Today, 14 December 2017, I am publishing Unlocking Talent; Fulfilling Potential: A plan for improving social mobility through education.
This is an ambitious plan to put social mobility at the heart of education policy, helping to make Britain fit for the future. It sits alongside the work of other Departments, and brings together a coherent, concerted approach to begin to level up opportunity right across the education system.
Our education reforms are raising standards in schools: compared to 2010 there are now 1.9 million more pupils in good and outstanding schools. Our introduction of a central focus on phonics is transforming literacy rates for young children. There are record numbers of young people in education or training and more disadvantaged young people going to university.
But, in our country today, where you start still all too often determines where you finish. And while talent is spread evenly across the country, opportunity is not. If we are to make this a country which truly works for everyone, there is much more to be done to deliver equality of opportunity for every child, regardless of who they are or where they live.
We are under no illusion that this will be easy. Nor that education can do it alone. But it does play a vital role – equality of opportunity starts with education.
This plan will deliver action targeted towards the people and the places where it is needed most through five key ambitions. Firstly, there is an overarching ambition to provide additional support to parts of the country that need it to ensure no community is “left behind”. Then there are four life stage ambitions:
Ambition 1: Close the word gap in the early years: children with strong foundations start school in a position to progress, but too many children fall behind early. We need to tackle development gaps, especially key early language and literacy skills, including by boosting investment in English hubs and professional development for early years professionals.
Ambition 2: Close the attainment gap in school while continuing to raise standards for all: the attainment gap between disadvantaged children and their more affluent peers is closing. But these pupils still remain behind their peers. We will build on recent reforms, and raise standards in the areas that need it most. This will include more support for teachers early in their careers, providing clear pathways to progression, and getting more great teachers in areas where there remain significant challenges.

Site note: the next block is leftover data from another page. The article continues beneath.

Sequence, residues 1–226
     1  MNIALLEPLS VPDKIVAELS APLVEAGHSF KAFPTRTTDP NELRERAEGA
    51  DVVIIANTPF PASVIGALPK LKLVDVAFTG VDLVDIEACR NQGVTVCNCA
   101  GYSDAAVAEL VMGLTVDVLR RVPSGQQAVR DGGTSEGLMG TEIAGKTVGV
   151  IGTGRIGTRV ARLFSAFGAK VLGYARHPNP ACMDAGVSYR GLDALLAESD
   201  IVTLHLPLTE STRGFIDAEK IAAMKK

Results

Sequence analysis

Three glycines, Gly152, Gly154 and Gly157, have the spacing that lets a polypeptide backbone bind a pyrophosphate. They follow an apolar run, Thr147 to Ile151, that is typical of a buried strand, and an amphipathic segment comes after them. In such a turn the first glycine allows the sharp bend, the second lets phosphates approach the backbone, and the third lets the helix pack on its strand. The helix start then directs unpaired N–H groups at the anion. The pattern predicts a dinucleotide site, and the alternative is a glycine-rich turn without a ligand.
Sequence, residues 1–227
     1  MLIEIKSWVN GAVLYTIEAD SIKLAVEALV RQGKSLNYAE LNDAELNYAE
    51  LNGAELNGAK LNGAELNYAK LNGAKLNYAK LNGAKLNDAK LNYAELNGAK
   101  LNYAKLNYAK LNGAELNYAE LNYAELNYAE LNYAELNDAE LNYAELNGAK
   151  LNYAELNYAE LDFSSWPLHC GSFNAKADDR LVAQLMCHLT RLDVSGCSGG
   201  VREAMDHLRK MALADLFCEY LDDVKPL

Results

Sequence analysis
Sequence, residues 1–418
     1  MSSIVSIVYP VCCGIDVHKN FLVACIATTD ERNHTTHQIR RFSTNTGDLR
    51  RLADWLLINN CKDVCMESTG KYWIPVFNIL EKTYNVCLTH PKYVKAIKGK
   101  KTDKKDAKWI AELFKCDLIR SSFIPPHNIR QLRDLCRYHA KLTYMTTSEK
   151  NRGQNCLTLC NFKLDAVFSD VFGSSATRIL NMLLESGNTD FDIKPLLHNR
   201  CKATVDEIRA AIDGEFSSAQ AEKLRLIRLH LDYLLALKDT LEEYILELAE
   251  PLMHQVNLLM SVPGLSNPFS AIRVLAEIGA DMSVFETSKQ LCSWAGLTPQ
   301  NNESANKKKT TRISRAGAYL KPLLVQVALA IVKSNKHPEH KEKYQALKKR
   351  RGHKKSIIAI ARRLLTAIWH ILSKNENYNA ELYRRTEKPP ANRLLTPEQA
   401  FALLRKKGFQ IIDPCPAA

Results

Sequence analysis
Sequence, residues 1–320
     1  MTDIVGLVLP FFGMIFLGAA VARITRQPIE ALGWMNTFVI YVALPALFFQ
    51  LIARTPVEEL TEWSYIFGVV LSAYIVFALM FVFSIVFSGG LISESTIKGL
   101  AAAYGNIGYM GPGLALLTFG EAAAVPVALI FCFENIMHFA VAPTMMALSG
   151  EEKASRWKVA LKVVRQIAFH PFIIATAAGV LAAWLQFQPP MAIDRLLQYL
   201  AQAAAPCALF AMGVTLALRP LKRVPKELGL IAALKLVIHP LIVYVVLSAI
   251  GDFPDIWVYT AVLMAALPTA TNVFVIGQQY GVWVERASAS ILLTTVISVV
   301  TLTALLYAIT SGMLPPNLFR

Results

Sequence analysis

Ambition 3: High quality post-16 education choices for all young people: we have more people going to university than ever before, including more disadvantaged young people, but we need to expand access further to the best universities. We are delivering a skills revolution including working with business to make technical education world class, backed by an extra £500 million pounds investment at the March 2017 Budget.
Ambition 4: Everyone achieving their full potential in rewarding careers: employment has grown, but we need to improve access for young people from lower income backgrounds to networks of advice, information and experiences of work through a new type of partnership with businesses and employers. We will also support adults to retrain/upskill.
To achieve these ambitions, we are shifting the way we work. We are focusing on what works: putting evidence and the heart of our approach, embedding and extending successful reforms, and spreading best practice.
We are also shifting focus on building lasting success through partnership: asking employers, education professionals, voluntary groups and many others to step up and join a united effort across the country to put social mobility at the heart of their work too.
Improving opportunity for the next generation of young people is one of the great challenges of our time; everyone must play their part. But the prize is huge: a country in which talent and potential are what matters more. A country where everyone can be at their best.
The plan will be published on the Department for Education’s website and copies will also be placed in the House Libraries.
This statement has also been made in the House of Lords: